Between 1976 and 1979, Ressler helped to organize the interviews of thirty-six incarcerated serial killers[5] in order to find parallels between such criminals' backgrounds and motives. He was also instrumental in setting up Vi-CAP (Violent Criminal Apprehension Program). This consists of a centralized computer database of information on unsolved homicides. Information is gathered from local police forces and cross-referenced with other unsolved killings across the United States. Working on the basis that most serial killers claim similar victims with a standard method (modus operandi) it hopes to spot early on when a killer is carrying out crimes in different jurisdictions. This was primarily a response to the appearance of nomadic killers who committed crimes in different areas. So long as the killer kept on the move, the police forces in each state would be unaware that there were multiple victims and would just be investigating a single homicide each, unaware that other police forces had similar crimes. Vi-CAP would help individual police forces determine if they were hunting for the same perpetrator so that they could share and correlate information with one another, increasing their chances of identifying a suspect.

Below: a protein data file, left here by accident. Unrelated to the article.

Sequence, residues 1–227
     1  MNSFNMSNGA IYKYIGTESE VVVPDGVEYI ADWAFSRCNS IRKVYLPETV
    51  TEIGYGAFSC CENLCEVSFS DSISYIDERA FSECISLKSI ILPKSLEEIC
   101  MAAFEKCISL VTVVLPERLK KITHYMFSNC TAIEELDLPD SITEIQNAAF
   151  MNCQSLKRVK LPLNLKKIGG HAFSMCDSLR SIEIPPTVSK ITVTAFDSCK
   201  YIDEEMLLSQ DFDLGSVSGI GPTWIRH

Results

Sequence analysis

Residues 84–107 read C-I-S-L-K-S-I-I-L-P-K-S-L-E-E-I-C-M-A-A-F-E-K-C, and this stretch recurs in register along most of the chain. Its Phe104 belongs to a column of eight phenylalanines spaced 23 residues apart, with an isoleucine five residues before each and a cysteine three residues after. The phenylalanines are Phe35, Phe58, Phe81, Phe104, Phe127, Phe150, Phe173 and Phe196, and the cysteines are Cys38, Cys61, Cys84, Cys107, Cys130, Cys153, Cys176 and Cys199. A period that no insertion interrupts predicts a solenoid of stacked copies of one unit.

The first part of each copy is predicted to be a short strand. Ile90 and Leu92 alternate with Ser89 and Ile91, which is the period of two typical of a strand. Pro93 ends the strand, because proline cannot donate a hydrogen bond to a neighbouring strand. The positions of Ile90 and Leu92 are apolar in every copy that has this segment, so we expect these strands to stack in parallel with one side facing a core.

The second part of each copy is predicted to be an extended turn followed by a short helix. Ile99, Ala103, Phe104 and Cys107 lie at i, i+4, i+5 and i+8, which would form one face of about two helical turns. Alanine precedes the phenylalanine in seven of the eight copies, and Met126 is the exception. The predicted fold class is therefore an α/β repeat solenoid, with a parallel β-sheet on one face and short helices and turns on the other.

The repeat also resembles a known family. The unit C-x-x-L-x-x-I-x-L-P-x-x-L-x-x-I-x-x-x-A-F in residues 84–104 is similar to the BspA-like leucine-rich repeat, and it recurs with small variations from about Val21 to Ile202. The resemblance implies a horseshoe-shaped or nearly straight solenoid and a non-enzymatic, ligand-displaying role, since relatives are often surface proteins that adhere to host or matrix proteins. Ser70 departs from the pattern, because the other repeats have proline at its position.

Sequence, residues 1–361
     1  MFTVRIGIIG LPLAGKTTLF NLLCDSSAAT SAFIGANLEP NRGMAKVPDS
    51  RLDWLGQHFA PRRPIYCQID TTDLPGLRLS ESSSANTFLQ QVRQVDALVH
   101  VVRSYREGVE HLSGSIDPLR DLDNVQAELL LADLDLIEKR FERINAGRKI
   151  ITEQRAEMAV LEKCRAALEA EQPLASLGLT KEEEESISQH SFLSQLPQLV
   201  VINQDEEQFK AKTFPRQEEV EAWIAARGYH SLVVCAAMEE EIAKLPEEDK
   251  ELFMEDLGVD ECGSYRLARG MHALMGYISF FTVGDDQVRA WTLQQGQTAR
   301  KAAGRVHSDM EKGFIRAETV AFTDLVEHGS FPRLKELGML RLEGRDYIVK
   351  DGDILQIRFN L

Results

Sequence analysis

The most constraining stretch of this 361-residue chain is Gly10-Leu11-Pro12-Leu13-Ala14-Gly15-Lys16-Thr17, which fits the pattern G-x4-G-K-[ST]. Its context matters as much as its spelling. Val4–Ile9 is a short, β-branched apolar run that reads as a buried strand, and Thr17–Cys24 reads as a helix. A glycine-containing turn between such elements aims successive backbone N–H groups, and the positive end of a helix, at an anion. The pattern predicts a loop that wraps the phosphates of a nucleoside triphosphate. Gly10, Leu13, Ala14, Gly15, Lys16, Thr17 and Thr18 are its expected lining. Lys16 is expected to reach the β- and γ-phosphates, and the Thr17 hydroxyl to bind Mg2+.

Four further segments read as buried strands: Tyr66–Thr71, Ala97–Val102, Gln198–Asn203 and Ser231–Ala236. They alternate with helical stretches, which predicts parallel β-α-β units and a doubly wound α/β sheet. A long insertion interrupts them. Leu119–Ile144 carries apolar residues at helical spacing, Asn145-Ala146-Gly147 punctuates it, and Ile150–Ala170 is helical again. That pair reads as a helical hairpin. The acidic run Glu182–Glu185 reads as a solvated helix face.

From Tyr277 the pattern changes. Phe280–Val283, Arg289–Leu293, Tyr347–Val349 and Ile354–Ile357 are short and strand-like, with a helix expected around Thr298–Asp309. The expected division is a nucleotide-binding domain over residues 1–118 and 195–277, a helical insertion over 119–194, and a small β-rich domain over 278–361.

He worked on many cases of serial homicide such as Jeffrey Dahmer, Ted Bundy, Richard Chase and John Joubert, and John Wayne Gacy.

Later life and death[edit]